Throughout the 2012 NASCAR Sprint Cup season Roush Fenway Racing’s Greg Biffle has been the man to beat when it comes to points.
Consecutive third-place finishes at Daytona, Phoenix and Las Vegas at the start of the year gave the Vancouver, Wash., native the points lead in March.
Biffle has been all smiles for the past three months. He’s won at Texas in April and has compiled seven top-five finishes and eight among the top 10.
This past weekend at Pocono a sour engine – which ran on seven cylinders – sent Biffle spiraling to a 24th-place finish.
The trek was enough to drop him from first to third in points for the first time since the third race of the year. He’s behind teammate Matt Kenseth and Hendrick Motorsports driver Dale Earnhardt Jr.
The outcome certainly wasn’t what Biffle wanted. If nothing else, it’s likely he had become accustomed to the waves of media interviews afforded him due to his strong season.
Through 14 weeks of racing, Biffle and crew chief Matt Puccia hoped that Pocono’s scenario wouldn’t occur. But then, they are long-time racers who know good fortune can end quickly.
“It’s unfortunate we fell back that far, but the points are so tight we knew that if we had an issue we were gonna drop a lot – if we got in a wreck or had an engine problem or a mechanical issue or flat tire,” Biffle said. “You’re vulnerable when you’re only one point or 10 points ahead, but that’s racing. As long as it doesn’t happen in the Chase I’m happy.
“We’ve been on the edge with these engines all year. It’s just such a fine line with oil temperature and you come to Pocono with shifting and, well, the engine just didn’t make it.
“It’s a good thing we just lost a cylinder and could make it to the finish.”
Biffle wasn’t very happy with his Ford throughout the 160-lap race around the newly-paved triangular Pocono track.
“My car was so-so when I was by myself,” he said. “When I was around traffic I wasn’t that good, but I think Pocono will be a good race track as we get more and more races on it.
“We’ve been pretty good everywhere we’ve been and it’s no different here. But the tides have turned. There are a lot of different cars that have run good this season.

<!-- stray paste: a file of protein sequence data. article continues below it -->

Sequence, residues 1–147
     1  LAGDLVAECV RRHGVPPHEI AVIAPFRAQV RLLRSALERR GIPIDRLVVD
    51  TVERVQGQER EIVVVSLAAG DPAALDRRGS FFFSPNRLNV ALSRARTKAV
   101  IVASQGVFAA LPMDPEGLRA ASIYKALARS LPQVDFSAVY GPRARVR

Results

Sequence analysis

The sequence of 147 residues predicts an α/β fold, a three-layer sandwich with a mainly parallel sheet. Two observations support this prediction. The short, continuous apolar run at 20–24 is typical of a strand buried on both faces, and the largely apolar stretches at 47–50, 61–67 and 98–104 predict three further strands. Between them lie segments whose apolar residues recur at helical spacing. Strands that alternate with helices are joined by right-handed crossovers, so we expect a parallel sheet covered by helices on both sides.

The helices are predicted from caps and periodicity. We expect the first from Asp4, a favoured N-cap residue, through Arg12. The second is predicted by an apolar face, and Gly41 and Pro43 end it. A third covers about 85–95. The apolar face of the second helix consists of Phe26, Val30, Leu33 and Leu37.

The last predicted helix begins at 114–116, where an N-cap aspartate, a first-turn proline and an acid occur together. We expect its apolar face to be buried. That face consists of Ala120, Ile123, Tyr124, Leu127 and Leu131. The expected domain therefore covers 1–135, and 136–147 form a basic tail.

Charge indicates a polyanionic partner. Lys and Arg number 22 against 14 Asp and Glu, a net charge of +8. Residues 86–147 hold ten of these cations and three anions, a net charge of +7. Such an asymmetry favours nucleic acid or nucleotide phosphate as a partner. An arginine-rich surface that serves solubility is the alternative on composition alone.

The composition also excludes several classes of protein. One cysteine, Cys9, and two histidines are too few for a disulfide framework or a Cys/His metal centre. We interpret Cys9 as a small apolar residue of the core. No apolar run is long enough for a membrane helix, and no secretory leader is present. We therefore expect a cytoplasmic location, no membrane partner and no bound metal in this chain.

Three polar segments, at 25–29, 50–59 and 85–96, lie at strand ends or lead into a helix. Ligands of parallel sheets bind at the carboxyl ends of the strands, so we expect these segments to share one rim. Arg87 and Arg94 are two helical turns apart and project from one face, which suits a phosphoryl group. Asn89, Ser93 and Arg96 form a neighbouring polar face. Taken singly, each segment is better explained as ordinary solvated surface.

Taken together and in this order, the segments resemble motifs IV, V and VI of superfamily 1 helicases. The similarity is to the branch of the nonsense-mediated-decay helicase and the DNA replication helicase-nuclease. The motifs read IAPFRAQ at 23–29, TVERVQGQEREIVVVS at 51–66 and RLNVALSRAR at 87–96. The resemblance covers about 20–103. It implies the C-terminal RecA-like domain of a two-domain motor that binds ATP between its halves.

“I think it says a lot about the teams and how hard they’re working, and what we’re figuring out is kind of catching up to the competition, if you will.”
Team owner Jack Roush explained team problems suffered by Biffle, Kenseth and the No.99 Ford driven by Carl Edwards.
He seemed relieved to escape Pocono without his Ford drivers losing more ground in the point standings.
“It looks like we had some kind of a valve train failure on the 16 car (Biffle) and that was unfortunate,” Roush said. “He had a good car that they were making adjustments on and making better.
“For whatever reason, the 17 (Kenseth) kept getting jumped on during restarts and shuffled back. He had a car, I think, as good as the 20 car (race winner Joe Logano) or anybody else in the field, but he wasn’t able to hold his position on restarts for reasons I don’t understand.
“We’ll take that apart and try to understand if there’s an issue. The 99 car got hit on lap one and arguably it was the best of our three team cars. That damaged the quarter panel and he lost track position and had to go to the back, and then he didn’t go back far enough to suit NASCAR so they brought him down pit road and that set up a long, frustrating day to gain track position.
“All in all, I think our Fords ran pretty well, but things just didn’t break for us so that we were able to realize the result.”
Kenseth was relieved to have a good run at Pocono, a track on which he has not always had strong finishes.
“It’s probably the best we’ve ever performed at Pocono,” said Kenseth of his seventh-place finish. “The track is awesome. There’s not a great outside groove yet, but that’s to be expected. I think the track was a lot better than anybody expected or hoped for.”
That may be, but Kenseth still had his frustrations.
“I’m just kind of disappointed right now because I thought we had a shot to win under the right circumstances,” he said. “We were pretty strong when we were out front and it just didn’t happen. I couldn’t go on restarts. I thought I was getting a good roll at them, but they would just kind of drive by me.
“That’s frustrating. We’ll keep working on it, but I’m happy we got a decent finish and took over the point lead.”
For Biffle and Kenseth, obviously involved in a championship battle, it’s imperative to go to Michigan prepared to maintain, or return to, the consistency they have enjoyed throughout 2012.
Twelve races remain before the field for the Chase will be determined after the Richmond race in September.
By that time, either Roush teammates, Biffle and Kenseth, could be first in points. Perhaps neither will.
But if each performs as he has so far, to be part of the Chase is almost a certainty – barring unforeseen problems, of course.
Which is exactly what Biffle experienced at Pocono.